Saturday mornings I invariably spent trawling Marché Central, the Central Market of Tunis in the search of ingredients for the Saturday lunch I'd eat in my tiny kitchen, overlooking the view of the Tunis rooftops opening from the tiny balconette. And the lunch would always be seafood - the vendors at the market quickly got to know me and would always talk me into it. "Mais madame, you always purchase our king prawns! And how about squid, alors? How many kilos shall we make it this week?"

Considering Tunisia's coastal location and availability of fresh fish it was confusing how rarely it made it onto the restaurant menus. The most commonly used one was tinned tuna (!) This was particularly painful in idyllic coastal towns such as Bizerte, where the seaside restaurants would have had potential for so much more.

Higher end restaurants would have better selection, though with equally confusing results. Mulet (mullet), dorado and merluza (hake) were all familiar from Spain but loup de mer? The wolf of the sea? Google Translate to the rescue: sea bass. 

Fish keftas are a popular dish in Tunisia however and it's impossible not to run into them. They get their golden colour and aromatic taste from turmeric and cumin. Usually the mixture contains quite a bit of flour, too, but mine get their perfectly firm consistency from boiled potato. They do require a bit of bread crumbs, but by using gluten-free variety these suit gluten-free diets, too. 

And since harissa is for Tunisia what piri-piri sauce is for Portugal and Sriracha for Thailand, that means there's no meal (or life, for that matter!) without it. So, I paired these gently spiced fish patties with harissa and yogurt dressing with a bit of kick to it. And brought out my new favourite North African plates. Oh, là là.

Makes 20 keftas

Tunisian fish keftas:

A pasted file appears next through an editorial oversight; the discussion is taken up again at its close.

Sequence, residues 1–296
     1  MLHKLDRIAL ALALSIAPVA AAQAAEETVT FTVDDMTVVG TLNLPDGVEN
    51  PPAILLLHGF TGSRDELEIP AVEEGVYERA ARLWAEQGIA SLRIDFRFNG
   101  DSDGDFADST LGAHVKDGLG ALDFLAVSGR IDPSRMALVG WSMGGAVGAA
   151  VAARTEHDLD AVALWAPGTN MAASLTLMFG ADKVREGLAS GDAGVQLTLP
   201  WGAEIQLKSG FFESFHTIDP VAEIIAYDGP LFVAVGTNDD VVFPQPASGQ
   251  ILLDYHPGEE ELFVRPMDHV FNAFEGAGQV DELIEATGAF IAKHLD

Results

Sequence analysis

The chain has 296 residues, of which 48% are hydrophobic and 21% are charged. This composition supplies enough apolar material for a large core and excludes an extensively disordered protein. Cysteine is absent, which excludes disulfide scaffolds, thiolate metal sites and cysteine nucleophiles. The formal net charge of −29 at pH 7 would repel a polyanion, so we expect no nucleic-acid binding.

300 g white fish
1 large potato
1/2 smallish onion, finely chopped
1/ tsp turmeric
1/2 tsp ground cumin
large handful of fresh parsley (2 tbsp when finely chopped)
the zest of 1/2 lemon, finely grated
1/2 dl (30 g) bread crumbs
1 egg
salt, pepper

For frying: 1/2 litres of oil

Peel the potato and steam until cooked through. Season the fish fillets and steam them too. Let cool. 

Sauté chopped onion in a bit of oil until soft and translucent. Then add turmeric and cumin and sauté them for a couple of minutes too to allow them to release the aromas.

Mash potato using a fork, add onion, parsley, lemon zest and bread crumbs. Mix in the egg and stir into a smooth mixture. Finally add fish, incorporating in into the mixture with the fork.

Check the taste, season as needed and roll into 20 balls. Flatten them a little, deep-fry in hot oil, drain on kitchen towels and serve. With lemon wedges and/or harissa and yogurt dressing.

Harissa and yogurt dressing:

250 g Greek yogurt
1,5 tsp harissa paste
the finely grated zest and juice of 1 lemon
1/2 tsp dried mint (and/ or 1 tbsp finely chopped fresh parsley) 
salt, pepper

Combine the ingredient apart from salt and pepper) and, if possible, let rest n the cold for half an hour before serving. Check the taste and season. 

PS. Tunisia also has a long history in wine-making. Rosé is the favourite and some of it is really good. I've even tried local kosher variety! Most of the wineries are located in Cap Bon region a couple of hours away from Tunis. The best is Kurubis, located in Korba near Nabeul, which I got the chance to tour when in Tunisia. Definitely worth a visit should you be in the region!